-HB 1496 by Rep. Joe Sweeden would allow agencies to acquire items as needed for agency operations from local suppliers when it is more efficient or economical than suppliers on a state-wide contract.

    -HB 1151 by Rep. Dale Smith would add language to the teacher preparation program for administrators to have skills in effective classroom management and student discipline.


Wednesday, March 12th

  • On Wednesday the Senate Appropriations Subcommittee on Education approved a measure to allow Oklahoma colleges and universities to raise their tuition. HB 1748 by Representative Bill Nations and Senator Mike Morgan would allow those institutions to raise their tuition to that of the average of schools in the Big 12 Conference. The full Senate continued working toward the Thursday deadline for floor action on measures from the house of origin. Among those winning approval:

    -SJR 22 by Sen. Cal Hobson calls for a vote of the people on proposed constitutional amendment earmarking proceeds from an education lottery, if one is approved.

    -SB 625 by Sen. Daisy Lawler would broaden existing laws for dropping objects off overpasses onto vehicles. The new language would expand the existing felony to throwing objects off bridges as well as overpasses, or throwing objects onto non-moving vehicles on roadways and adds a fine of up to $10,000 to the existing 10 year prison sentence.

    -SB 212 by Sen. Angela Monson would allow state employees to take up to six months unpaid leave to run for office.

    -SB 706 by Sen. Scott Pruitt would require that all victims of sex crimes be notified if the attacker tests positive for sexually transmitted disease and that the victim would incur no costs for tests, delivery or treatment of the disease.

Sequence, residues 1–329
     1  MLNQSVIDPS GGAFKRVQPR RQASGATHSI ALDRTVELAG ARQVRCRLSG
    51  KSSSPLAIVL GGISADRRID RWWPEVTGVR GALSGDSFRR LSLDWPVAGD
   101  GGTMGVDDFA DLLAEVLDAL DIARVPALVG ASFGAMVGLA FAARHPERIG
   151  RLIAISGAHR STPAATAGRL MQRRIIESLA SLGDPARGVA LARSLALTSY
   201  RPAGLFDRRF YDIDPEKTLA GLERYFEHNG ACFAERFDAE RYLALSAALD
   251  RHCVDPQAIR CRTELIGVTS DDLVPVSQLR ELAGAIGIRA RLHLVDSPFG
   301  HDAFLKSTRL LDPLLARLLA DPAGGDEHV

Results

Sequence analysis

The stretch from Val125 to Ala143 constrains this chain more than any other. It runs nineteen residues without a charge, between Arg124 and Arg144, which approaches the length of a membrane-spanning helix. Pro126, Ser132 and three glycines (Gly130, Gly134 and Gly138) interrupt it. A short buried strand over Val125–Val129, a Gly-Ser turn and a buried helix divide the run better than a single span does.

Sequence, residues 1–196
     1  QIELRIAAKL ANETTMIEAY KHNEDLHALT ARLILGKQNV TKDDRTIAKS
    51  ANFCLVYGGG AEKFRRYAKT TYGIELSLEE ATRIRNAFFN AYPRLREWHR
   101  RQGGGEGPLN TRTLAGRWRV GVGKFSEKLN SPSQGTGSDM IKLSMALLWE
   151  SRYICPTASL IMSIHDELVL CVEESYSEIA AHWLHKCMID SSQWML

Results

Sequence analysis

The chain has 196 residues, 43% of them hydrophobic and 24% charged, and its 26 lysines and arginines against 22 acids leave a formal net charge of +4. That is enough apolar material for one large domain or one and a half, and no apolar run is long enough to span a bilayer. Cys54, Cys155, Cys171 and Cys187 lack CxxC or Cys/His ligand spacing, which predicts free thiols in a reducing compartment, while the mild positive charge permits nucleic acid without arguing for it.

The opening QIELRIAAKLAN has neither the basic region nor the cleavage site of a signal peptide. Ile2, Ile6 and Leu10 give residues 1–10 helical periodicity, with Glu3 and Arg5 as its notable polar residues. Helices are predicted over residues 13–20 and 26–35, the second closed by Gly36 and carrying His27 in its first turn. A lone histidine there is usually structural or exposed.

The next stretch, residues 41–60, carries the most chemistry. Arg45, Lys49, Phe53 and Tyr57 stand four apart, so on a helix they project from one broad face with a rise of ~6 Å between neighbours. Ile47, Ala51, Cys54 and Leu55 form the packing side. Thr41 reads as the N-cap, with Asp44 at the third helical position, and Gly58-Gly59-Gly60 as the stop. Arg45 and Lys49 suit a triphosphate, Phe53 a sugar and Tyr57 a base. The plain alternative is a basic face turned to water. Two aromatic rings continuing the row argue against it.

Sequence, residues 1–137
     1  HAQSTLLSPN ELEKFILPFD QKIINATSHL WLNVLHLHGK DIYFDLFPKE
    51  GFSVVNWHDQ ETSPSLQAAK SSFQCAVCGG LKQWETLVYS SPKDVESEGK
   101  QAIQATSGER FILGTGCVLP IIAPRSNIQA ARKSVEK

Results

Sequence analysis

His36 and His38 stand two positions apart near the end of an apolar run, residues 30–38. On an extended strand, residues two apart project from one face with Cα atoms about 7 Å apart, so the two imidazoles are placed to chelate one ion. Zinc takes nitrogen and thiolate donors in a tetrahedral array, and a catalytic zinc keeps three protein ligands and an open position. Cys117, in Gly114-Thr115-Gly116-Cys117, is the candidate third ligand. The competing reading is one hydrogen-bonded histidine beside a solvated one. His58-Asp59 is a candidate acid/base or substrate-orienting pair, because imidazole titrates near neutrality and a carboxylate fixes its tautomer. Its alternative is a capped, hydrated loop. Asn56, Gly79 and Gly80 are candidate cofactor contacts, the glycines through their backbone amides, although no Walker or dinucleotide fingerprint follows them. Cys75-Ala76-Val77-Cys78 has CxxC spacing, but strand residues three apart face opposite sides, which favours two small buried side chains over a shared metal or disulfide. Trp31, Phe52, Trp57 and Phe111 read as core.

-SB 715 by Sen. Kenneth Corn would make the requirements for contracts for employment of a teacher or administrator more uniform, as well as requiring pay information to employees more specific.

  • The full House also continued to focus on bills still awaiting floor action. Among those measures winning approval:

    -HB 1385 by Rep. Larry Ferguson would call for a vote of the people on a proposal to raise the motor fuel tax on gasoline and diesel to address highway needs throughout the state.

    -HB 1720 by Rep. Chris Hastings would create the "Nursing Facility Mediation Act." The proposed measure would allow district courts to appoint and specify certain authority of an impartial mediator for civil cases brought under the "nursing Home Care Act."

    -HB 1790 by Rep. Jerry Hefner would prohibit any organization under the Oklahoma Charity Games Act from expending more than a certain amount of the total revenues collected in conducting charity games, excluding salaries and payouts, for expenses. The measure passed with the title stricken.


Thursday, March 13th

  • The Senate convened at 9:30 a.m. to conclude work on measures still on General Order. The Senate will reconvene at 1:30 p.m. Monday, March 17th.


Other News

  • State Senator Gene Stipe resigned his District 7 seat on Tuesday issuing the following statement to the media:

    "I feel it is time I leave the Senate and concentrate on other pending matters. Though this decision was difficult for me personally, I will not permit this to be a time of sorrow or ill feeling. I have been blessed to have had the opportunity to serve my state and my party for more than half a century. While the past year has been one of heartache for me and my family, I choose to spend this time reflecting on the many positive advancements I helped enact on behalf of my constituents and, for that matter, neighbors throughout the state."

    "The legislature of Oklahoma, both the House and the Senate, in which I have served all my adult life, are dedicated and strong to well represent the people of Oklahoma. I will leave with best wishes and God's speed to the government of the great State of Oklahoma."

    "In the meantime, I have stories to tell and books to write."

    Stipe's resignation came in the midst of a Federal campaign investigation into former State Representative Walt Robert's unsuccessful 1998 congressional bid.